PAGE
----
Your water heater is probably the most underappreciated appliance in your home. Think about it – without your water heater, you couldn’t have any of these perks:
- Steamy showers
- Toasty baths
- Clean dishes
- Disinfected towels and sheets
- Hot water, period.
Given the power of the water heater, do you really know much about it? We’re here with some things to think about when it comes to servicing, maintaining, and replacing your water heater.
The average lifespan of residential water heaters is between ten and twelve years.
Natural gas and electric water heaters will usually last about a decade before you need to consider replacing the appliance. If you are unsure how old your water heater is, the date the equipment was manufactured will be reflected in the serial number which is located on the identification tag on the water heater tank.
Maturing water heaters are nothing to mess around with. A water heater that is ten years or older is at greater risk of producing a leak and resulting in water damage to your home. If your water heater is positioned in your attic or above the bottom floor, the potential for catastrophic damage rises. Always have your water heater maintenance annually to avoid any leaks from causing damage to your home.
The most usual breakdown of residential water heaters that will entail replacement is a leaking tank.
It is best to have your installer place the water heater in a drain pan with piping that lets the pan to drain outside your home and lower the potential of water damage. All water heaters should have a functional and accessible shut-off valve on the inlet water supply to the tank, and a ball-type valve on the gas supply. For electric water heaters, an electrical disconnect should be placed close by.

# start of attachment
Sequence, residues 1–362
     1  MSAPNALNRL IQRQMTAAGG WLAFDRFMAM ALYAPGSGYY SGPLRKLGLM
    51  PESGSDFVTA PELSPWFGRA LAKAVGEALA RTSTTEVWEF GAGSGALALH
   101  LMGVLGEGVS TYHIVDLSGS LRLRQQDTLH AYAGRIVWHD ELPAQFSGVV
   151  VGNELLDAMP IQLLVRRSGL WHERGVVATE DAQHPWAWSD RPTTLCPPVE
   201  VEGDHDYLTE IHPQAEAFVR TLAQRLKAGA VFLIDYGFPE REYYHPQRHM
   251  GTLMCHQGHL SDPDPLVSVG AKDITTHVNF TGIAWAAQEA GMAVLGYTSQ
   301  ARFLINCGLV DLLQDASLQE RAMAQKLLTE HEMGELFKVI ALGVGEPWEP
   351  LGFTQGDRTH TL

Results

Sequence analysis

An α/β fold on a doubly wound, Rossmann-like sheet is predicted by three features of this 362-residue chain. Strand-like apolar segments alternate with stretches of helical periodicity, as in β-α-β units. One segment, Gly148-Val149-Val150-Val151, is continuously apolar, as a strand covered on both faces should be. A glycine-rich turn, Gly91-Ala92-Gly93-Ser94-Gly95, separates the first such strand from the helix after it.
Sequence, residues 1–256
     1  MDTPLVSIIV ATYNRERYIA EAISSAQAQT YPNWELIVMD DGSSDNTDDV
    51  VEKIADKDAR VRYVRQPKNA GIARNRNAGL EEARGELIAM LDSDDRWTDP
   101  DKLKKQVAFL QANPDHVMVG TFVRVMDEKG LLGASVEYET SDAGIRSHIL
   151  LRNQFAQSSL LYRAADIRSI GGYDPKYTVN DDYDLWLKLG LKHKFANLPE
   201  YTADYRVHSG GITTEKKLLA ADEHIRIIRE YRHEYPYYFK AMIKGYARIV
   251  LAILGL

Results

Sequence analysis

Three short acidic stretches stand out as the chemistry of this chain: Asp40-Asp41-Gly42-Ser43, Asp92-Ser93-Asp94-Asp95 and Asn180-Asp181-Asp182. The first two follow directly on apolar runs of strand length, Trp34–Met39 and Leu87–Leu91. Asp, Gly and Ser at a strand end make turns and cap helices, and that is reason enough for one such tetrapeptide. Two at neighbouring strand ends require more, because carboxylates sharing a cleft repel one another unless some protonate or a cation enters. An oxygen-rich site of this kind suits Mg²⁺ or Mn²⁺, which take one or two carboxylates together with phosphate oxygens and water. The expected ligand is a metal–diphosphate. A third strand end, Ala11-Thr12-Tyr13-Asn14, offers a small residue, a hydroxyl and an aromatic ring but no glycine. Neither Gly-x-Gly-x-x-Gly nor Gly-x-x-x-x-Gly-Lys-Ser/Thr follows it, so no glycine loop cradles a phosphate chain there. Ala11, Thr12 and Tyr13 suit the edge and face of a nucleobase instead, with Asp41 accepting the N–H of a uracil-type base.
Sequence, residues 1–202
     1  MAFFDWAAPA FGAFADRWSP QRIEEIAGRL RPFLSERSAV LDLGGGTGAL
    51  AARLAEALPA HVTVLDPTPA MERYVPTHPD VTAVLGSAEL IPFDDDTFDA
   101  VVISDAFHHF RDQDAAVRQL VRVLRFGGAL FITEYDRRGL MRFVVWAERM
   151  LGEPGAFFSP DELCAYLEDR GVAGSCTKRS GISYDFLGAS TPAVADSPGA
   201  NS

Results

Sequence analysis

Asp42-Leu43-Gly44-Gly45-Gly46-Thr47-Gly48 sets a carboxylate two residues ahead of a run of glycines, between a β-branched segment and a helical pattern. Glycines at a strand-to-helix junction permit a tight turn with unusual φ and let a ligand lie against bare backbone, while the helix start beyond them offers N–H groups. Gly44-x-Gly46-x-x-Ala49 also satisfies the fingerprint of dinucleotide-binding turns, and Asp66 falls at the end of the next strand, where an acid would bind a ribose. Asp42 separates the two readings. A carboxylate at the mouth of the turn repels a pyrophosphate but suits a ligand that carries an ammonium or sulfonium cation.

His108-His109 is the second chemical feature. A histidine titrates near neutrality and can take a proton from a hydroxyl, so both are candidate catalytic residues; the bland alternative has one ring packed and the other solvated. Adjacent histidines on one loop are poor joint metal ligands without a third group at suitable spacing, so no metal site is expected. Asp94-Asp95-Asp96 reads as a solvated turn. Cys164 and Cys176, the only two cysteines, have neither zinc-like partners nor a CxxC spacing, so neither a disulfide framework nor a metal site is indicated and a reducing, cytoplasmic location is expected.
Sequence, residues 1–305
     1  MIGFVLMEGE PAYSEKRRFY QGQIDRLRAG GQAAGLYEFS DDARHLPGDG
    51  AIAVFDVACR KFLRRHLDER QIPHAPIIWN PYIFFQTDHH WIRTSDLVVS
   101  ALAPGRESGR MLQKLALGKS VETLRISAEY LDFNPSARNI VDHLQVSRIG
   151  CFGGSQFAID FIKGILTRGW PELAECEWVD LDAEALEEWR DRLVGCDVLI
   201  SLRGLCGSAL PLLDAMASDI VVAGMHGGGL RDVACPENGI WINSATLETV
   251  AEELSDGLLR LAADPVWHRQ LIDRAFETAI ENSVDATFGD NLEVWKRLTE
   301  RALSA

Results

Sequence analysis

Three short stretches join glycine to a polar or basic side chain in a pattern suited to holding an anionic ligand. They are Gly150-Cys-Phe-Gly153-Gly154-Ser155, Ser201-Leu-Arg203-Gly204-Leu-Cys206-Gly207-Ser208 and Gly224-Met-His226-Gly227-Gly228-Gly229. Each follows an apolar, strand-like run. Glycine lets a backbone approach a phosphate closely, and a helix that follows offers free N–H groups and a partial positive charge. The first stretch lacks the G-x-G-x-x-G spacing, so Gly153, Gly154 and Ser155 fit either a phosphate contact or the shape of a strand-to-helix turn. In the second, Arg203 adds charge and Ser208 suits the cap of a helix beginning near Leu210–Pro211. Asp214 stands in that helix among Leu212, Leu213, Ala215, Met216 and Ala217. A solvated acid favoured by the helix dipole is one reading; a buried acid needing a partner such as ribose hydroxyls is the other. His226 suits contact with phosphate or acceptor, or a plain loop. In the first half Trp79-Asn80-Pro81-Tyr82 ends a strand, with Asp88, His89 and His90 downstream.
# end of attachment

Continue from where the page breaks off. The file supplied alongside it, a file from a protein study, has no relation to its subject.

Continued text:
If a water heater is “undersized,” especially a gas water heater, the tank will breakdown in a shorter period of time.
When a gas water heater is regularly emptied of hot water due to significant hot water use, the gas burner fires repeatedly which can result in heavy condensation on the outside of the tank. The condensation can create more speedy decomposition of the steel tank. Additionally, the extreme heat from the gas burner on the bottom of the water heater tank can also deteriorate the glass lining on the interior of the tank, which lowers the life cycle of the water heater.
Water Heater sizing is a crucial replacement issue.
The water supply cause all water heaters to be under pressure, and as water is heated, it expands creating even more pressure. When thinking about replacing a water heater, it’s generally better to go with a bigger 50 gallon tank, rather than a 30 or 40 gallon tank, presuming the location will accept the larger size. The 50 gallon tank will also give you more hot water capacity.